I tested out the window managers available to ensure they were all functioning correctly and soon settled for fluxbox. I noticed during this testing that closing a window manager does not close the programs you were running, something which makes the system appear 'messy.' All three of the managers included a bunch of (not bad looking) icons on the desktop for some of the most useful apps installed. These included links to the CD Drive and Floppy, a file manager (xfe), a word processor (the great abiword), a web browser (firebird) and even a CD burner (X-CD-Roast).
Out of the list of icons (see screenshot above) the two that I was most impressed with and that are a real plus for Vector, are linNetwork, which launches xfsamba - allowing you to browse a windows network, and Software Plaza.
This is one feature Vector can be especially proud of. I opened it up to be greeted with a simple menu for managing packages, allowing you to install and remove packages, as well as retrieve packages via ftp. If you choose this option it will connect to the Vector ftp site in the background then it will present you with a list of extras/updates for your system. You can then simply select a couple (or all) of the packages and leave it to get on with the downloading and installing of them for you.
Basically everything the average user would need is catered for with a great quality specific application. There is no application redundancy - and although some users may prefer more of a choice, I like the fact that there is one great application assigned to a particular task, rather than a whole load of not so good apps. The only areas not covered are games, graphics and video (xv being used to view images, but nothing available to create them).
I noticed when running software plaza that the packages available included MPlayer and also the DVD libs such as libdvdcss. I clicked on these and let it do its thing. Once they were installed I tried to launch MPlayer by typing 'gmplayer &' in a console, only to be faced with a black interface. I remembered from using Slackware that for some reason the first time you run mplayer each X session you have to tell it to use a skin (the default one!), so I killed the process and launched it again using 'gmplayer -skin default &' and it popped up as expected. If this seems like hassle, just set up a launcher for it!. I opened the preferences, set the DVD drive to /dev/cdrom (Vector doesn't set up a /dev/dvd symlink) and set the video output to use xv. Then put my Matrix DVD in the drive, hit play and it started up beautifully (I actually got a bit wrapped up in it and left it on while writing up the rest of this review).
Vector's speed has been very impressive, the system boots in about 20 seconds, and X starts up in less than 5 (it was slightly faster before installing the nvidia drivers as I haven't disabled the splash screen) and applications take next to no time to start (abiword takes about a second). The speed reminds me of the responsiveness of BeOS, which is never a bad thing.
I decided to install the nvidia drivers (from www.nvidia.com) to see if there would be any problems using hardware acceleration for OpenGL. Downloading and installing them took literally about 2 minutes (thanks to nvidia's great new installer) and I started X again and ran glxgears to test the hardware acceleration was functioning correctly. 8400 FPS. Faster than I usually get with Slackware (about 7000 FPS) - this would lead me to believe (along with the fact that Vector flies along anyway) that Vector would make a perfect OS for running WineX (see www.transgaming.com for more info).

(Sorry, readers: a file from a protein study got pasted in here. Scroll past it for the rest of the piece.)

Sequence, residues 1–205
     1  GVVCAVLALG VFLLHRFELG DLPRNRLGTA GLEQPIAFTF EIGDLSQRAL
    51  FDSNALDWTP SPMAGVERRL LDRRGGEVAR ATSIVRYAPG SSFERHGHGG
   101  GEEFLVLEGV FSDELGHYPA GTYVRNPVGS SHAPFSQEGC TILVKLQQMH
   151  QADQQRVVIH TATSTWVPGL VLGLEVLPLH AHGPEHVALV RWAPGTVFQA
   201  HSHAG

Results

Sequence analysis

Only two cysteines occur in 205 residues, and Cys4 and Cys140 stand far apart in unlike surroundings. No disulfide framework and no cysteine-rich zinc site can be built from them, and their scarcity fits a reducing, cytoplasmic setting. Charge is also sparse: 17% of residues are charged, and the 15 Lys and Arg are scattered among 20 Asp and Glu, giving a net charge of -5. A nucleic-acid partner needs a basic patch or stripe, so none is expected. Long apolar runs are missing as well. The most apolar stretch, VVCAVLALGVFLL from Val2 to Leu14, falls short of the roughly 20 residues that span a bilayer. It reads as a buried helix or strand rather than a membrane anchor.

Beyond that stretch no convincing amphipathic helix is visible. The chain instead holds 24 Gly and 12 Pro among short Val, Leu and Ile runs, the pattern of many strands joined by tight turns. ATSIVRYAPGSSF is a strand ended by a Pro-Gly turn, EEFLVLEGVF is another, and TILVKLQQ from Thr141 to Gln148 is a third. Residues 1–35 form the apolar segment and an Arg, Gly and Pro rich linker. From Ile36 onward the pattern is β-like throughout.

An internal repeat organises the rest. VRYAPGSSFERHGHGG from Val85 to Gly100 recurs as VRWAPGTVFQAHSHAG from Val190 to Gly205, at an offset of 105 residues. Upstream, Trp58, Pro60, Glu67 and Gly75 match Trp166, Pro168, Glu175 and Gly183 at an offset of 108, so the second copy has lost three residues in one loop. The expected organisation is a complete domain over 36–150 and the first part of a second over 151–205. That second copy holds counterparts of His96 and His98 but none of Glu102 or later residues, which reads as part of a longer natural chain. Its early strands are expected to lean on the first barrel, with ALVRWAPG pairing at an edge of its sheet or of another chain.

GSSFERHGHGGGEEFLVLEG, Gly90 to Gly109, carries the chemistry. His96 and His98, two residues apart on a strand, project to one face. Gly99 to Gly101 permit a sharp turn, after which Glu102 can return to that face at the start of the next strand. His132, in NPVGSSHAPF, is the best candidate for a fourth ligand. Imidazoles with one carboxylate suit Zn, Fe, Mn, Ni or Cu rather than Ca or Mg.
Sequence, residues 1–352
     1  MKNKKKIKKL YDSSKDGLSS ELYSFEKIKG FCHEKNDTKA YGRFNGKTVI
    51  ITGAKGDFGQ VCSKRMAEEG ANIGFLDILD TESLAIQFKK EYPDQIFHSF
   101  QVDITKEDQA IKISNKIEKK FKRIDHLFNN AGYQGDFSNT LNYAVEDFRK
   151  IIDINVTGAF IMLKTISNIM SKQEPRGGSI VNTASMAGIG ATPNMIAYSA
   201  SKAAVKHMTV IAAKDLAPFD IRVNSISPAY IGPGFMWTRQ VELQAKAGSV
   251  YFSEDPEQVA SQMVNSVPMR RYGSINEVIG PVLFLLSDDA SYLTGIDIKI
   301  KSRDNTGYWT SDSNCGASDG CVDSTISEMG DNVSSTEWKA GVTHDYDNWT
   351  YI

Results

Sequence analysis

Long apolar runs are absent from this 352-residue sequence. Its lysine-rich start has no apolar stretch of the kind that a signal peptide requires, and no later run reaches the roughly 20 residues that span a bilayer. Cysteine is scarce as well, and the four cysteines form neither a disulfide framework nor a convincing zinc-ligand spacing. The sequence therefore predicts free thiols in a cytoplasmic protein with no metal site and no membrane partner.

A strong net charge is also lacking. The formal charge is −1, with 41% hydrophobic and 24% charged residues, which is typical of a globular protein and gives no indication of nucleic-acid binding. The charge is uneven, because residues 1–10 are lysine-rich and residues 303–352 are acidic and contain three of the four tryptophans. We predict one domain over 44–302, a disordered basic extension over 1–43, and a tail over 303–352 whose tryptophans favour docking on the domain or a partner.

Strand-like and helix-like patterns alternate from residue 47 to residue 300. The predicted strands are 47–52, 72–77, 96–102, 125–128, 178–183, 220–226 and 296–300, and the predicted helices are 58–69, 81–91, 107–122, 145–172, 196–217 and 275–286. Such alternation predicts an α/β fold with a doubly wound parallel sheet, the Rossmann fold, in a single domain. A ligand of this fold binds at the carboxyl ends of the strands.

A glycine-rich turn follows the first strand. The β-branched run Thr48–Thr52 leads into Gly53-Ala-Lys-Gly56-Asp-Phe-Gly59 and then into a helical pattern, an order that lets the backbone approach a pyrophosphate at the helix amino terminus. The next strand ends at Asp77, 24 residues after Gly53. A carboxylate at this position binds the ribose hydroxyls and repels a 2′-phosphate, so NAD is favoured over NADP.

Another factor of performance is stability, and since Vector is based on Slackware, it has possibly the most stable Linux base available to build on. Vector is rock solid and I have experienced no crashes whilst running it.
The downloadable version of Vector Linux 4 is a fantastic distribution, especially when you consider the fact that the size of the ISO is only 229MB. It comes with all the software an average user would need but none of the extras.
It gives you a very fast and very stable system and doesn't require a whole lot of configuration to get running. Aside from the problems with my mouse and the keyboard stopping during installation (see the Installation section above), I had no troubles with Vector, and hence it is an appropriate distribution for those with a least a little experience of Linux. For example, by default Vector boots to the console and a newbie would probably not know that they need to make a simple change in /etc/inittab in order to boot straight to X. Being a Slackware user, I was able to see the similarities between the Vector installer and the Slackware installer. The only thing that seemed to really be missing was the option to mount existing Windows partitions on boot (which is available in Slackware). Instead you must edit /etc/fstab manually to achieve this goal.
Vector has definately become one of the best Linx options out there, and I urge anyone with a mild curiosity to give it a try. The Deluxe edition is still very cheap "Only $22.97usd and INCLUDES PRINTED USER GUIDE ! (plus shipping & handling)" (from the website) and with the extras on top of this solid base I think it would be a much more attractive purchase than any other commercial Linux option.
Hardware Support: 9/10 (it got all my stuff)
Ease of use: 8/10 (easier than Slack but maybe not for newbies)
Features: 8/10 (Deluxe would probably score a 10 here)
Speed: 10/10 (fastest distro I've used yet)
- "Vector Linux Review, Page 1"
- "Vector Linux Review, Page 2"